Endostatin inhibits the growth of endometriotic lesions but does not affect fertility.
Becker CM., Sampson DA., Rupnick MA., Rohan RM., Efstathiou JA., Short SM., Taylor GA., Folkman J., D'Amato RJ.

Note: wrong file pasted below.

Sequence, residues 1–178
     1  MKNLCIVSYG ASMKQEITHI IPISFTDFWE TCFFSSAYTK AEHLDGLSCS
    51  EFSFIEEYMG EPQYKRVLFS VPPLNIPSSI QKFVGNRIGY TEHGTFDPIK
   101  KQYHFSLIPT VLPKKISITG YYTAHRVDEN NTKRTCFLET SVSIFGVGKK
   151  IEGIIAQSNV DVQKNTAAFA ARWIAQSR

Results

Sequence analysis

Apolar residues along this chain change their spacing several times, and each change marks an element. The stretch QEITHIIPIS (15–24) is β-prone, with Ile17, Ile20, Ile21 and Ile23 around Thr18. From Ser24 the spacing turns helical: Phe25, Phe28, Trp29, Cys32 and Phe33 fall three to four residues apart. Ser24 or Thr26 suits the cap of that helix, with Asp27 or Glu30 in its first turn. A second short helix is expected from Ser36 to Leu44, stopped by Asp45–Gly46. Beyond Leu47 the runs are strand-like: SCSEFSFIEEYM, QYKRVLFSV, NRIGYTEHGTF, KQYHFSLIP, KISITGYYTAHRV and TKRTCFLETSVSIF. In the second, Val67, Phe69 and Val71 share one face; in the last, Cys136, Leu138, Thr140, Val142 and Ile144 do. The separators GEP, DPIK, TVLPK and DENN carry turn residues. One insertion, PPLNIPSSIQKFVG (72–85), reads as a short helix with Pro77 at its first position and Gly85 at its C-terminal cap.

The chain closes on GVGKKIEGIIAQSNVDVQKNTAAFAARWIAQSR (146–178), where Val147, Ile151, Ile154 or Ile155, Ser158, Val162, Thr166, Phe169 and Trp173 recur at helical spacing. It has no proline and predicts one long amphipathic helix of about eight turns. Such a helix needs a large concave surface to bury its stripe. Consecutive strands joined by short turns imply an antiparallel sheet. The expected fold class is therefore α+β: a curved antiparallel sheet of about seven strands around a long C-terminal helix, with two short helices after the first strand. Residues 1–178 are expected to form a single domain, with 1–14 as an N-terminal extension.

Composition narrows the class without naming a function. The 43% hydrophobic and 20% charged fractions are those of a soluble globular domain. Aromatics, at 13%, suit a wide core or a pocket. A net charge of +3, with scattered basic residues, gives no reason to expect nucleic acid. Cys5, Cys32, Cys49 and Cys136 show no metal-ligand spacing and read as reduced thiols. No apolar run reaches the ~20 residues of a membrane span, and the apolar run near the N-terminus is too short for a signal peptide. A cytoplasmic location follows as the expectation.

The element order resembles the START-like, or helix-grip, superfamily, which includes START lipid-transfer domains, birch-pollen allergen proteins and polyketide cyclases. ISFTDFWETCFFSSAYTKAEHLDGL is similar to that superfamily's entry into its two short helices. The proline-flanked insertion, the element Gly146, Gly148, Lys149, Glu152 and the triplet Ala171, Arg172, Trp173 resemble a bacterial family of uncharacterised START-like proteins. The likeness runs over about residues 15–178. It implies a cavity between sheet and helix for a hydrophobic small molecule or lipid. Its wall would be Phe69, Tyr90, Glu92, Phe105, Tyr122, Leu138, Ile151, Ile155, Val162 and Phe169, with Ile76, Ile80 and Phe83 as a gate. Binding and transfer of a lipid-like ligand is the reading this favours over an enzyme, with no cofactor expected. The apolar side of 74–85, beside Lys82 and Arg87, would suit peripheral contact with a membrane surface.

OBJECTIVE: To determine whether endometriosis can be treated with the angiogenesis inhibitor endostatin and the effect of this treatment on fertility and reproduction. DESIGN: Pharmacologic intervention in a surgically induced model of endometriosis and in female mice undergoing mating. SETTING: Animal research facility. ANIMAL(S): Eight-week-old, female C57BL/6 and SCID mice. INTERVENTION(S): After implantation of autologous endometrium, mice received endostatin or the vehicle-matched control for 4 weeks. For the reproductive function study, mice receiving endostatin or vehicle were mated and reproductive functions were observed. MAIN OUTCOME MEASURE(S): Growth of endometriotic lesions after 4 weeks of treatment; estrous cycling, corpus luteum formation, serum hormone levels, and mating time as fertility measures; and pregnancy rates, length of pregnancy, fetal vitality, number, and outcome of litter as reproductive measures. RESULT(S): Endostatin suppressed the growth of endometriotic lesions by 47% compared with controls. Estrous cycling and corpus luteum formation were normal in both groups. Female mice receiving endostatin were as fertile as mice receiving vehicle, had normal pregnancies, and delivered the same number of pups. The offspring were healthy without teratogenic stigmata and reproduced normally themselves. CONCLUSION(S): Antiangiogenic therapy with endostatin may present a promising novel, nontoxic therapeutic option for patients with endometriosis.